Enmerkar and the Lord of Aratta
Enmerkar and the Lord of Aratta is an ancient Sumerian legend estimated to have been written around 2100 BCE. The story describes a conflict between Enmerkar, the king of Unug-Kulaba, and an unnamed king of Aratta.
In the story, Enmerkar, king of Unug-Kulaba has built a large temple to the goddess Inanna which is much better than the temple in Aratta. This causes Enmerkar to believe Inanna favors his city over the neighboring city of Aratta, so he sends a messenger to their king with orders to describe how powerful he is and demand Aratta give him precious stones and metals to decorate his wonderful temple. If they refuse, he will raze their city to the ground. The king of Aratta refuses and sends the messenger back with orders to explain how the goddess Inanna personally appointed him king, how powerful he is, and the military might of Aratta. Enmerkar has his messenger send food to the people of Aratta during a famine in order to show off their might and perhaps convince them to persuade their king to surrender their wealth, and, just as the king of Aratta is losing faith, Aratta's crops miraculously grow which steels his faith in Inanna's protection. The messenger continues to go back and forth between the cities, each time having to memorize new threats of war and personal self-aggrandizement. Eventually, the messenger cannot remember everything Enmerkar wants him to relay to the king of Aratta, so Enmerkar invents writing so his demands can be conveyed without error. Much of the end of the story has been lost, but it appears that Enmerkar is victorious. Aratta is still prosperous, but perhaps under the new leadership of Enmerkar.
About a dozen deities from the Sumerian pantheon are mentioned with the most focus on Inanna, Enki, Enlil, and Nudimmud. Another interesting aspect of the story is that it mentions a time when men lived before dangerous animals existed and describes a world where everyone speaks a single common language. These seem to be prototypes for the Garden of Eden and Tower of Babel myths which weren't written in the Book of Genesis until over 1,000 years later.
I don't own a copy of Enmerkar and the Lord of Aratta, but I have read an English translation.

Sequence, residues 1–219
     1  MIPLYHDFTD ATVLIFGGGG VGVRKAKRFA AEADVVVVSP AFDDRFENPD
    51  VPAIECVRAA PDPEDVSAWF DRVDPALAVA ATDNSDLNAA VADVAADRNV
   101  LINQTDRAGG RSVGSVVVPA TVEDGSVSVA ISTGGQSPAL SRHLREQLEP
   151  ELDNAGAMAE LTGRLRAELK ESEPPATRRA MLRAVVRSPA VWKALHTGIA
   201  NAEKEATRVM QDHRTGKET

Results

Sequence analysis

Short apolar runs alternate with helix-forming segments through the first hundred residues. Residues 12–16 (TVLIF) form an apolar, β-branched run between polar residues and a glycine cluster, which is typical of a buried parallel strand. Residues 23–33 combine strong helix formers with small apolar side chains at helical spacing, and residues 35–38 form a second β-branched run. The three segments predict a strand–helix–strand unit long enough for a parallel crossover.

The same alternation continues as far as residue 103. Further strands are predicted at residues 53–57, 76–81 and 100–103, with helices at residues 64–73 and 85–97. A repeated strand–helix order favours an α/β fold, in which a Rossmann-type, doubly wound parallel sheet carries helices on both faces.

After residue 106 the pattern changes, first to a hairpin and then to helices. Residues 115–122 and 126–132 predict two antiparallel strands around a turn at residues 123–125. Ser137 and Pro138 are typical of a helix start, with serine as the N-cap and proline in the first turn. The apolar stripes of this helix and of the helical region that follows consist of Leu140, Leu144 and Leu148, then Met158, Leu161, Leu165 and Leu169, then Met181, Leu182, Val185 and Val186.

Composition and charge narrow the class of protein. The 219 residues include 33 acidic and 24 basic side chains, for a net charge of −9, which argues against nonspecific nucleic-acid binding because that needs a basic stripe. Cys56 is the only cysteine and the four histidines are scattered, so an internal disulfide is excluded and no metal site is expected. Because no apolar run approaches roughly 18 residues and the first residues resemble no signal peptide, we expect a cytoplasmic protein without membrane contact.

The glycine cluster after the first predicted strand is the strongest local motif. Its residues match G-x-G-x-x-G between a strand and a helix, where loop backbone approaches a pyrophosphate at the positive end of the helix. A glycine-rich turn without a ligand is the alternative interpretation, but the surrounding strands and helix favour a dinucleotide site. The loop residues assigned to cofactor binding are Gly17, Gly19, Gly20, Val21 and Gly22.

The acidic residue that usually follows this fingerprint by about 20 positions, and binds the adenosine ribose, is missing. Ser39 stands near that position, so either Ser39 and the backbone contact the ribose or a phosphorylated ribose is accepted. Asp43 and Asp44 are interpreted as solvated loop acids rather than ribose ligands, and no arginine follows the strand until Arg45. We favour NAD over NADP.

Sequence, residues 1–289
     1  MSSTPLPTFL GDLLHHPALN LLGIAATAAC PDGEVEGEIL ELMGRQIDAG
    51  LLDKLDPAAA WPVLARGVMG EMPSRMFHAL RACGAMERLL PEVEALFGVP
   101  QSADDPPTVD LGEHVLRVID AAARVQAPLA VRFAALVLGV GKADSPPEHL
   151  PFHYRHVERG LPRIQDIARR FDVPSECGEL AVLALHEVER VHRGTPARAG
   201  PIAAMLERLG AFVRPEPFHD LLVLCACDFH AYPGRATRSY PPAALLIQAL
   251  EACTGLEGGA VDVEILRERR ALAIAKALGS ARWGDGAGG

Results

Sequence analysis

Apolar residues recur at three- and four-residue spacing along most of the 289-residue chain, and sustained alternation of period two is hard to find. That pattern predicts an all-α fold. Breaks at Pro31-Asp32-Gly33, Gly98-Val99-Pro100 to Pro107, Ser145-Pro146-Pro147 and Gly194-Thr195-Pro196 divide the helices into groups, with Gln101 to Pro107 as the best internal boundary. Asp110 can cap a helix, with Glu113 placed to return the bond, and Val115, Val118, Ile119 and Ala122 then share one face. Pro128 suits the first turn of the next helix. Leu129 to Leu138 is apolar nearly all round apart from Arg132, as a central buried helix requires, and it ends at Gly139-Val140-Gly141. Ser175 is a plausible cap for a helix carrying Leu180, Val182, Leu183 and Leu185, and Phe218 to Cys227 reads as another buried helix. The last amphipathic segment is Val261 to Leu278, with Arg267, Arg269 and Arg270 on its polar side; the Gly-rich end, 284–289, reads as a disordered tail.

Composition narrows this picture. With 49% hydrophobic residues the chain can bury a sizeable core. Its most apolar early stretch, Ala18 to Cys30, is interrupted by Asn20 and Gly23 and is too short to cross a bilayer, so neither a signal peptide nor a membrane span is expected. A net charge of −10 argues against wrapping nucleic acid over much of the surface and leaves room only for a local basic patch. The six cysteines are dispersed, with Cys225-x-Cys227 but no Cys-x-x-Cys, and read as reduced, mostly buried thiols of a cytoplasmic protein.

- The story's plot — two kings warring over who is favored by the gods — is an accurate depiction of human frailty and Middle Eastern religions. Sadly, it's just as true today as it was 4,000 years ago!
- I love how even these most ancient of human stories frequently refer to even more ancient time using phrases like in the "days of yore" and "as the proverb goes." It reminds us that human oral history vastly predates our written history. I also find perspective looking back 4,000 years on authors who thought of their time as the modern age and makes me wonder what someone 4,000 years from now will think about our quaint stories and beliefs.
- I find it funny that, when explaining how he will destroy Aratta, Enmerkar invokes the "current market rate." Is he going to raise the rate of inflation to defeat them? However, it's interesting that people at the dawn of civilization knew enough about economics to discuss the current market rate of products.
- It's hilarious how the two kings pile mountains of praise upon themselves to a ridiculous degree. Enmerkar brags about his "glistening beard" and says he can "pulverize mountains to flour," while the king of Aratta talks about his "huge heavenly neck-stock" whose "eagle talons make the blood of the enemy run from the bright mountain." It shows just how old the pompous politician archetype is.
- The fact that both kings are willing to risk the lives of all their subjects by starting a war because of their pious pride is despicable.
- I think the author intends for Enmerker to be viewed as the hero. Unlike the king of Aratta, he is named, he also invents writing, and appears to win the fight. However, his actions clearly make him out to be the villain. He piously threatens to murder his neighbors if they don't give him wealth to decorate a temple he made? Pathetic!
- Sadly, much of the story's ending has been lost to time as the bottom parts of the tablets are no longer legible.
- Basically, the moral is, you can threaten to murder people if they don't surrender their wealth, and the gods will help you provided you use the stolen wealth to build them a lavish temple.
- etcsl.orinst.ox.ac.uk/section1/tr1823.htm - English translation.